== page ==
The first day of of the semester, each individual student in our Publishing 101 class was tasked to come up with a definition of the word publishing. As a communication student who has heard only good things about the department, I was excited to finally gain some insight into the world of publishing. In coming up with a definition, however, I soon came to the realization that I had no real understanding of the field at all, and struggled to come up with a definitive answer without the help of Google. In taking this course, I’ve learned that publishing can mean a variety of things, from engaging collaboratively within networked public spaces online, to developing our own digital lives. One way of looking at it, as Nash (2013) notes, is to consider the word publishing like you would a book, in that it is almost but not quite a proxy for the “business of literature” (pp.4).
The course has enabled students, from various faculties, to develop their digital media presence through the creation and development of their own personal websites. In their article, “A Personal Cyberinfrastructure”, Campbell (2009) theorizes that by developing a personal cyberinfrastructure, students will have the capability to become system administrators for their own digital lives (pp.6). To add onto this theory, Campbell notes:
“Students not only would acquire crucial technical skills for their digital lives but also would engage in work that provides richly teachable moments ranging from multimodal writing to information science, knowledge management, bibliographic instruction, and social networking. Fascinating and important innovations would emerge as students are able to shape their own cognition, learning, expression, and reflection in a digital age, in a digital medium” (pp. 7).
Campbell takes a very technophilic approach in his consideration of the web, however provides useful insight into how I’ve created my online self this past semester. I’ve been able to express myself through a digital platform, and learn important aspects of what it means to be an online publisher. Prior to this course, I had little to no experience in curating a personal cyberinfrastructure for the purposes of creating meaningful, engaging content. While my digital media literacies are well developed regarding social media platforms like Facebook, Instagram and Snapchat, and my willingness to share personal information is reminiscent of the benign disinhibition effect that Suler (2004) refers to (pp. 1), my knowledge of WordPress or blogging in general was limited.
A reading that had significant impact on my decision making when designing my blog was Gertz’ (2015), “Design Machines: How to survive in the digital Apocalypse.” In their article, Gertz describes the current state of design in an online context, and sheds light on the homogeneity of web-based digital design due to external pressures to keep up with the competitiveness of the online world (pp. 6). When browsing the various themes to choose from, the homogeneity of website templates was obvious. While they were all very aesthetically pleasing, they lacked character and authenticity. So many companies, in their attempt to emulate the success of others, end up producing content that falls flat or lacks meaningful content.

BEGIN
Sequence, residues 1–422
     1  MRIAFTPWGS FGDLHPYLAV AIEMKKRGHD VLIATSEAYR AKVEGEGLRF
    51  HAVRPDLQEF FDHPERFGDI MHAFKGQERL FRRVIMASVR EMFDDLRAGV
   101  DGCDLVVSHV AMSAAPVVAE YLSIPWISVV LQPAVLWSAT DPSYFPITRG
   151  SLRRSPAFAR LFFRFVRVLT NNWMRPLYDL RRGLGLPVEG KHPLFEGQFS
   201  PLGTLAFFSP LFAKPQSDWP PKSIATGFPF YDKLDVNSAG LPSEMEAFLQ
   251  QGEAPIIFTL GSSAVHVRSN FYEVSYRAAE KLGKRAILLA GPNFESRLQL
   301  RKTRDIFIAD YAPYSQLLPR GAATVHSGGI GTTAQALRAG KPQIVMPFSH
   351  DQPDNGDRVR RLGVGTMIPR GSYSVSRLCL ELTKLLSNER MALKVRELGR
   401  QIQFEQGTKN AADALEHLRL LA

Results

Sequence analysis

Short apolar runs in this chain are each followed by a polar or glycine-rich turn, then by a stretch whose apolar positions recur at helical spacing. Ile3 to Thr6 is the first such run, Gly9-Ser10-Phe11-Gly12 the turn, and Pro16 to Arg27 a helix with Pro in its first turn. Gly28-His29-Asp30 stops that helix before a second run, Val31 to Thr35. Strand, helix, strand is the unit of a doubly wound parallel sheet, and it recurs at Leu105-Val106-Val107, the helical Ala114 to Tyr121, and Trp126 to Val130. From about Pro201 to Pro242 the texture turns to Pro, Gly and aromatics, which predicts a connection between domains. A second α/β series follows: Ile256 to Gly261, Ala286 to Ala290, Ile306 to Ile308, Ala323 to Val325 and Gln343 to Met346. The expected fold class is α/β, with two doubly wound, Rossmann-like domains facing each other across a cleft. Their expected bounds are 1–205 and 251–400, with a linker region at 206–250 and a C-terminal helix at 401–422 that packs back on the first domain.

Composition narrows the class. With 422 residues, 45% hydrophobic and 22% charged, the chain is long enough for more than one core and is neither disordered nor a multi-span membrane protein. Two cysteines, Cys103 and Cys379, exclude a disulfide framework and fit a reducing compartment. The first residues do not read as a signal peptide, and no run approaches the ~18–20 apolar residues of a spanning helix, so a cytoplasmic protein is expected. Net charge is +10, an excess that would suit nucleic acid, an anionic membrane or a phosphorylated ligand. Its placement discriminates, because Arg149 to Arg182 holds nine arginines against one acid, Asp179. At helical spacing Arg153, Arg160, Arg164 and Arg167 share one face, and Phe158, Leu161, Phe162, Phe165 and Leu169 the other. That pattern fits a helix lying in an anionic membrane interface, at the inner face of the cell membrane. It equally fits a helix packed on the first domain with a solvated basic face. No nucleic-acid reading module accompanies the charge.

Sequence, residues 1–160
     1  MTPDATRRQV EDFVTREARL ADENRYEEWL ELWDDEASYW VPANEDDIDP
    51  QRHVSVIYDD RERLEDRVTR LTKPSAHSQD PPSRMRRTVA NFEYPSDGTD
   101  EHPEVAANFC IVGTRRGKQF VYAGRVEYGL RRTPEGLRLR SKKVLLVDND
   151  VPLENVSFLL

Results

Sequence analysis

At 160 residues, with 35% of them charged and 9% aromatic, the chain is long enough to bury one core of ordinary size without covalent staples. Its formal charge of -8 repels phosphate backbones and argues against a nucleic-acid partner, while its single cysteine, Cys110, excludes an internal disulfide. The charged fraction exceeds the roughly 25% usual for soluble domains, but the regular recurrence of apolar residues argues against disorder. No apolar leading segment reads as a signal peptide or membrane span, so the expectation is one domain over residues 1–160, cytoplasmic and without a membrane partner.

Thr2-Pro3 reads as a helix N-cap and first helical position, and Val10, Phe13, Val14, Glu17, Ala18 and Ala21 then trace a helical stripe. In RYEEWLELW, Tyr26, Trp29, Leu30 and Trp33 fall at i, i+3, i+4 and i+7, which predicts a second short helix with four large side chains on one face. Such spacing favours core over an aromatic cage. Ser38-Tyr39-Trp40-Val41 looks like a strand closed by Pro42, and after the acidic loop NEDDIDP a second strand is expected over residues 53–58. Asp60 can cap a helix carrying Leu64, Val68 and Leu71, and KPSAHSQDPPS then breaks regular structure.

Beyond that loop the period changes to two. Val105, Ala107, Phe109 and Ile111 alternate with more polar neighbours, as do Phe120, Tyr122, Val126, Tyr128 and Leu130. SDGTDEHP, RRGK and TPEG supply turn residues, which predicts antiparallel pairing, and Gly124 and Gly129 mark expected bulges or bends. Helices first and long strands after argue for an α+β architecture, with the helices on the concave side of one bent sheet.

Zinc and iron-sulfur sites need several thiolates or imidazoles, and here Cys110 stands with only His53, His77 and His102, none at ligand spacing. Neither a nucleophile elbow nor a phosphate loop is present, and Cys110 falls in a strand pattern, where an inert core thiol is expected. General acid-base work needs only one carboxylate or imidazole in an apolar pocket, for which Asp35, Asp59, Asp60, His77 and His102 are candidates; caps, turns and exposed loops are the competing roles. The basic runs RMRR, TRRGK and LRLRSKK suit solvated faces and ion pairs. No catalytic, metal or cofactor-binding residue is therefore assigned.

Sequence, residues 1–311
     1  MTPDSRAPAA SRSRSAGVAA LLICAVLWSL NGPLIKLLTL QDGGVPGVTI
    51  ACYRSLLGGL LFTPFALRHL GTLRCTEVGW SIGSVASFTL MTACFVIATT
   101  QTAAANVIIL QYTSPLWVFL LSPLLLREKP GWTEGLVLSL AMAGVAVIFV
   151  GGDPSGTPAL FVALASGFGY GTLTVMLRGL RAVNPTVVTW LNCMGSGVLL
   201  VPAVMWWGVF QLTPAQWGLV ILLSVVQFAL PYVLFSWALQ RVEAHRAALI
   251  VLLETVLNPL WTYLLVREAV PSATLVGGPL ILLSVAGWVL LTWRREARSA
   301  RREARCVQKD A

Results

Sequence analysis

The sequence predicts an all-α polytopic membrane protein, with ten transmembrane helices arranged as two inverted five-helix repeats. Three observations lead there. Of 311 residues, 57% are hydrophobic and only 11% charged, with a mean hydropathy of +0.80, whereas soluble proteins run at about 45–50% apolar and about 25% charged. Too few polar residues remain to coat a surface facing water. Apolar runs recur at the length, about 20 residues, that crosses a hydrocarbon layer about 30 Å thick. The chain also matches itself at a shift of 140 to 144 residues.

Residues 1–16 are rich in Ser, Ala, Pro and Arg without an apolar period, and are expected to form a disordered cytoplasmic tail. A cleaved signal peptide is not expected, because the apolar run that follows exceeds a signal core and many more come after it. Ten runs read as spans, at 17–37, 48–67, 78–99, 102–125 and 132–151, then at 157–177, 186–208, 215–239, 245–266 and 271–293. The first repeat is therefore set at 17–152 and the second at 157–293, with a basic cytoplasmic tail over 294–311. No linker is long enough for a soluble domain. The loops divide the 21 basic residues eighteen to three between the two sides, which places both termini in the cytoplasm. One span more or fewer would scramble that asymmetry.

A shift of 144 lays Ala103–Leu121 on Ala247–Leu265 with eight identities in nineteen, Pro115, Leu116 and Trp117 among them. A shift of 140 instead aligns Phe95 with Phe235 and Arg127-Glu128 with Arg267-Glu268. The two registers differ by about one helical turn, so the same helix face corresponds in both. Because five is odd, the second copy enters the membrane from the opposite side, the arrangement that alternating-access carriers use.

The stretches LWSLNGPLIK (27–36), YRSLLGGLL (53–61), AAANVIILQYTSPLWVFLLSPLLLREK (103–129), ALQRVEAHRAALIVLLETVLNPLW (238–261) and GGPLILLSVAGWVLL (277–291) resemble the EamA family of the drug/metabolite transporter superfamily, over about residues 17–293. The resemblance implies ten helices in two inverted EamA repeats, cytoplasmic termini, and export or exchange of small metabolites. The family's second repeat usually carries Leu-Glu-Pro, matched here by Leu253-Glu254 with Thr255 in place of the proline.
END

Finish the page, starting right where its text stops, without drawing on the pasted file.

While I do not consider myself a professional website designer by any means, the article was helping in making me aware of the decisions I was making regarding all design elements of my website, including text, images, and overall layout. The purpose of my website, more than about sharing vegetarian food, was to develop my skills as an online publisher. By keeping that in mind, I would make decision about design, as well as content, to reflect my learning process as I became more adept at managing my own personal blog.
The best part of creating my blog was developing my voice within my writing and conveying it in a way that would resonate with others. Warner (2002) discusses the idea of a “public” address (in this case, the collective of random internet users) being predicated, to some extent, on their attention (pg. 419). While some aspect of what I am doing is simply contributing content to a void of infinite possibilities in hopes that someone will find it, another part of me is interested in being, well, interesting. Being a publisher is more than simply creating content for content’s sake, but producing something of value. While I am very sure that no “public” has been created in response to my website, perhaps someone, someday, will pay my blog enough attention that a small internet community of vegetarians could form. One can only hope.
Now that the course has come to and end, and I am no longer prescribed to a meal plan, my goals for my website have shifted. If I should continue blogging, I would like to develop my photo editing skills by learning Photoshop in order to enhance the quality of the graphics I post. My website is very niche, however one thing I am sure of will stay consistent: my vegetarianism! I’ve learned so much in regard to best strategies to developing an online presence, and hope to continue applying those skills in the future.
Campbell, G. (2009). “A Personal Cyberinfrastructure.” EDUCAUSE Review 44 (5). Retrieved from: http://er.educause.edu/articles/2009/9/a-personal-cyberinfrastructure
Gertz, T. (2015). “Design Machines. How to survive in the digital Apocalypse.” Retrieved from: https://louderthanten.com/articles/story/design-machines
Nash, R. et al. (n.d.). What Is the Business of Literature? Retrieved from: https://www.vqronline.org/articles/what-business-literature
Suler, J. (2004). “The Online Disinhibition Effect”. Cyberpsychology & behavior 7(3), 321-326. Retrieved from: http://truecenterpublishing.com/psycyber/disinhibit.html
Warner, M. (2002). “Publics and Counterpublics”. Quarterly Journal of Speech. 88(4). Retrieved from: http://knowledgepublic.pbworks.com/f/warnerPubCounterP.pdf